Interesting Chinese funeral customs to know about

Interesting Chinese funeral customs to know about

Interesting Chinese funeral customs to know about

Singapore may be modernised and traditional funeral customs have been simplified over the years, but they are unlikely to disappear completely. The Chinese, for instance, are one of the communities that deeply value filial piety, and continue to practise long-standing customs out of respect and duty for their deceased loved ones.

What’s more, the Chinese believe that the departed can influence the fortunes of their descendants. Certain rituals are thus carried out by grieving families in a bid for good luck. In this article, you’ll get to learn some of these interesting, and lesser-known, customs observed by the local Chinese community who are either Buddhists or Taoists.

A pearl on the deceased’s lips

Pearls, with their reflective appearance, are thought to shine the way and ensure a smooth journey through the netherworld. Some also believe that by placing a pearl on the deceased’s lips, it will prevent the deceased from saying the wrong things in front of the deities who rule the netherworld.

No sealing of caskets after sunset

After the deceased have been dressed and prepared at the funeral home, they will be sent to the wake location where the casket-sealing ceremony takes place. And this is usually done when the sky is still bright. The idea is that performing the ritual after dark will bring bad fortune to surviving descendants.

Feeding the deceased

A feeding ritual may be performed before the casket-sealing ceremony. This is a symbolic practice in the sense that grieving children and grandchildren do not actually offer food to their departed loved ones. Instead, they are simply required to touch the food with their chopsticks and lightly put the chopsticks to their loved ones’ lips. The feeding ritual is a way for descendants to show their gratitude towards a deceased parent or grandparent for bringing them up.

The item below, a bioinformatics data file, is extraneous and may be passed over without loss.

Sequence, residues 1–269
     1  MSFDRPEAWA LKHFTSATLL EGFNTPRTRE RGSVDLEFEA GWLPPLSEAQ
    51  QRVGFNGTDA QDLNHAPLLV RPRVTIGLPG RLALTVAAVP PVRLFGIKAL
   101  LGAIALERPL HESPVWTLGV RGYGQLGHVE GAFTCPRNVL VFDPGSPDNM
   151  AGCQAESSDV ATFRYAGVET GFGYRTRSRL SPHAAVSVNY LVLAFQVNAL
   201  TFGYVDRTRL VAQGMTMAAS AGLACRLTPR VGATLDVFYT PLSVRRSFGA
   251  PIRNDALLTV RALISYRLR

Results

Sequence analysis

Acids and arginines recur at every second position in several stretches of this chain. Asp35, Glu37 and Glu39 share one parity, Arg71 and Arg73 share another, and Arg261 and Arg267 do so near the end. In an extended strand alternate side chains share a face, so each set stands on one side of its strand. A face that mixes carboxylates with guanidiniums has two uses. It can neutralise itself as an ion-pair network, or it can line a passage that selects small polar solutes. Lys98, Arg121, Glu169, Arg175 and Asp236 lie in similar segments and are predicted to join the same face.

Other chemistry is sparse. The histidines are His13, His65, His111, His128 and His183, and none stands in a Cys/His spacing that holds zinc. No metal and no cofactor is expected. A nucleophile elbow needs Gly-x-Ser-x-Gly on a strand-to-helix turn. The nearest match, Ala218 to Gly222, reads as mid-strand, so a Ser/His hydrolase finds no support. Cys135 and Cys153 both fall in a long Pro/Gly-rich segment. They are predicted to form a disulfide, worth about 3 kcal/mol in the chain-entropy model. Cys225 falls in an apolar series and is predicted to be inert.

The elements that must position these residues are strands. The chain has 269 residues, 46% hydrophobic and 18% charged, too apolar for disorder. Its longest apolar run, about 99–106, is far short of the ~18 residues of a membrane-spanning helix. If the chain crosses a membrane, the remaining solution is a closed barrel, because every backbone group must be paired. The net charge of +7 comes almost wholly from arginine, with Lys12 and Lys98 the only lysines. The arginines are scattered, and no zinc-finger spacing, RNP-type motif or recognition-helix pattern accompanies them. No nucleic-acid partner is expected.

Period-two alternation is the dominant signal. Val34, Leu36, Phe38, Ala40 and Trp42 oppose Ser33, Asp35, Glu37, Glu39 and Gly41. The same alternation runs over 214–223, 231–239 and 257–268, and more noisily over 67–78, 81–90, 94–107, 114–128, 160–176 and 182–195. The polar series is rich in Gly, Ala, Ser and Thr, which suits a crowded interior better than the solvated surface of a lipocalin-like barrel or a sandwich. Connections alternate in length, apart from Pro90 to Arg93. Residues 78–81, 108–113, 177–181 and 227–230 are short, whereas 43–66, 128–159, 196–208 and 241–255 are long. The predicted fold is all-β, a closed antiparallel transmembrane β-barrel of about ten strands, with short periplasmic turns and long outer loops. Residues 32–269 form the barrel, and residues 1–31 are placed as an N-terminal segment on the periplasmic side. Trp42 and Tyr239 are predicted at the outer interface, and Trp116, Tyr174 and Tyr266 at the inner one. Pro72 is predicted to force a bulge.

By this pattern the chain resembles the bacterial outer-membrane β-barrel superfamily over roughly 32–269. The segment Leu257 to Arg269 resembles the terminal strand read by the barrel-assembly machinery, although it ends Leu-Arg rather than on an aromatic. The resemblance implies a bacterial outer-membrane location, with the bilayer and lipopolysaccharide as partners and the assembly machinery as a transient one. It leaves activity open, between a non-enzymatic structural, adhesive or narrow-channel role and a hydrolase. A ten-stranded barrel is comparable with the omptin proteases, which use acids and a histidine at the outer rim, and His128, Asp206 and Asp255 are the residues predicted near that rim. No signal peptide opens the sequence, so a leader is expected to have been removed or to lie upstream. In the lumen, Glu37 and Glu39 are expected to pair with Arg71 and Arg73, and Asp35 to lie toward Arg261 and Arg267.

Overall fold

Leaving money for descendants

Have you heard of the term “shou wei qian” (手尾钱)? Families can prepare any amount of money in a red packet and the funeral crew will assist to place the red packet in the hands of the deceased. During the shou wei qian ritual, the money will then be returned to the family to be distributed among themselves. This age-old tradition symbolises that the deceased has left behind wealth for the family and that they will be prosperous for generations to come. Since shou wei qian is a representation of wealth, it must be safekept and cannot be spent.

Want to learn more about customs, rituals, and all things related to the death care industry? Check back for more articles to feed your curiosity right here at Funeral Insider! For help with planning a funeral according to your religion and beliefs, please email us at or call our 24/7 helpline at +65 6555 1115.